Governor opens new donor fund;

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Officeholder account can pay for parties or bonuses for his staff.

The Sacramento Bee (California)

Gov. Arnold Schwarzenegger wasted no time this month opening an account in which he can raise $200,000 annually for anything from staff parties to bonus paychecks for top aides.

The newly formed officeholder fund, established two days after he won re-election, provides Schwarzenegger a new vehicle to collect money from donors without opening a campaign account for future political office.

The Republican governor cannot run for a third term and has not indicated whether he will seek a different political position in four years.

Schwarzenegger in September signed the law that now allows him to raise up to $200,000 for extra officeholder expenses. The proposal, approved quietly at the end of session, also allows termed-out legislators to collect up to $50,000 a year and statewide officials to raise up to $100,000.

Lawmakers and statewide officials typically have used campaign money to pay for receptions, gifts and promotional activities they deem too lavish to have the state pay for.

The governor has not specified for what purposes he will use his new officeholder account. In the past year alone, he relied on his re-election campaign committee to pay for dramatic bill-signing events and $100,000 in bonuses to Chief of Staff Susan Kennedy beyond her $131,000 state salary.

“Governor Schwarzenegger believes that these expenses should not be covered by taxpayer dollars and therefore can be covered by raising funds,” said Schwarzenegger communications director Adam Mendelsohn.

The governor and termed-out lawmakers cannot use their re-election accounts to pay for officeholder expenses, according to campaign finance rules voters approved in 2000. Those rules led to the September bill signed by Schwarzenegger, which enables state officials to raise money in their final term to pay for extra expenses.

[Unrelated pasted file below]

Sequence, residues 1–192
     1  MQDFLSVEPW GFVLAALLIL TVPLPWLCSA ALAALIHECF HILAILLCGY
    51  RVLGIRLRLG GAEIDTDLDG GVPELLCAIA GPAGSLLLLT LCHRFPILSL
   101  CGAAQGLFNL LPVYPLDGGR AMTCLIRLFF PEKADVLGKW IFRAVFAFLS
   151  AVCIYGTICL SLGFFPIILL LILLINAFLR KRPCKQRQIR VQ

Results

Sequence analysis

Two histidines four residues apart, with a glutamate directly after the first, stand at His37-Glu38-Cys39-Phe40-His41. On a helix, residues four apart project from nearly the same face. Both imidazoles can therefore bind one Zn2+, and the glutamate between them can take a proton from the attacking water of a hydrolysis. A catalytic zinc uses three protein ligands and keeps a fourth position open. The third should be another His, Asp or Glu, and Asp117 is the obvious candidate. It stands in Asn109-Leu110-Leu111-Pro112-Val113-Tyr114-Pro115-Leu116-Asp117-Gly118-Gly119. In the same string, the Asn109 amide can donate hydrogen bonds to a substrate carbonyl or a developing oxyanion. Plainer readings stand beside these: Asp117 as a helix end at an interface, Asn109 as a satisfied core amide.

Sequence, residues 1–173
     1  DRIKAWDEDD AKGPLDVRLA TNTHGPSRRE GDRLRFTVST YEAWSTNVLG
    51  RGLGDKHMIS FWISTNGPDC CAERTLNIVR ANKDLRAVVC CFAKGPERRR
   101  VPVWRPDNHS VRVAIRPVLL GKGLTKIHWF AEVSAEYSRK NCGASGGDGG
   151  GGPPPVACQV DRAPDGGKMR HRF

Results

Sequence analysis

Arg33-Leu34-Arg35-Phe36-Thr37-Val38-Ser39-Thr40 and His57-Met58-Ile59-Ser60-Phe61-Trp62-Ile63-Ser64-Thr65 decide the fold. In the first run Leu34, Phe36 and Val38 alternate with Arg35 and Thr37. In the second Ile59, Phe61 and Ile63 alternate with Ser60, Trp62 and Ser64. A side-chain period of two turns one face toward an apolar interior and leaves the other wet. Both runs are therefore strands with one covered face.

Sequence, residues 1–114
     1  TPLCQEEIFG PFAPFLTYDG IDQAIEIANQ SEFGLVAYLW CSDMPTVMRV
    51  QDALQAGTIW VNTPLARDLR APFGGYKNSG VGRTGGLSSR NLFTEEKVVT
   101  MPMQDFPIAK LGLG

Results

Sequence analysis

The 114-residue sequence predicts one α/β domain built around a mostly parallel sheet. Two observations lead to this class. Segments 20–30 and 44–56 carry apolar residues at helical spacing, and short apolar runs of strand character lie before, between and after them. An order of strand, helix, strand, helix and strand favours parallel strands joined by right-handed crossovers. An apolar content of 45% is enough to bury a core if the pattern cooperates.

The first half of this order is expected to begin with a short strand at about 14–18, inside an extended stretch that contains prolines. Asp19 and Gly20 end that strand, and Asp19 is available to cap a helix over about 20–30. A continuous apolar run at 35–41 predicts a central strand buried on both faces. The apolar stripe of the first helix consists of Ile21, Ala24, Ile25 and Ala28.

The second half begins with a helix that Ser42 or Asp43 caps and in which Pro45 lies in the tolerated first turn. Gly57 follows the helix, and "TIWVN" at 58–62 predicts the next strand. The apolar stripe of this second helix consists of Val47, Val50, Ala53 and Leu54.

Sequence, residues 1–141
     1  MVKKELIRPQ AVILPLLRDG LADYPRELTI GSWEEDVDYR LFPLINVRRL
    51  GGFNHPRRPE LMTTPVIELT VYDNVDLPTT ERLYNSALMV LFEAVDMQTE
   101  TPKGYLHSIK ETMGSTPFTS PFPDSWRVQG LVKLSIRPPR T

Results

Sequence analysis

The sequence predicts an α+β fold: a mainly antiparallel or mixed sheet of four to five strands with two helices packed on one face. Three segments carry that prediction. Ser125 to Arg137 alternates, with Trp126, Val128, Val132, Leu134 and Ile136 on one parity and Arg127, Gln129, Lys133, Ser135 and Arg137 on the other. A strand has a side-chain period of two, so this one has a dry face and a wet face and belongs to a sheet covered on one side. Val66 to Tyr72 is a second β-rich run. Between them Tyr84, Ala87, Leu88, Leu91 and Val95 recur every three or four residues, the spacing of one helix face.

Carmen Balber, an advocate with the Santa Monica-based Foundation for Consumer and Taxpayer Rights, said officeholder accounts give donors another way to gain private access to political leaders.

“It’s simply a way to build up a slush fund that provides an avenue for large donors to give Schwarzenegger money when he’s not running for office,” Balber said.

Mendelsohn said that was “absolutely” not the case and that “individuals are buying into his vision for California.”

Besides the latest officeholder fund, the governor still has at least three other accounts with which to raise money: California Recovery Team, which collects unlimited funds largely to back ballot initiatives; his new nonprofit organization to pay for his inaugural festivities; and his 2006 re-election committee, which will remain active until he pays off his campaign debt.

In his California Recovery Team account, the governor last month received $250,000 from Clean Energy, a natural gas company on whose board sits Schwarzenegger friend and Texas oilman T. Boone Pickens. Shell Oil Co. also gave CRT $25,000 last week.
ABOUT THE WRITER: The Bee’s Kevin Yamamura can be reached at (916) 326-5548 or [email protected]

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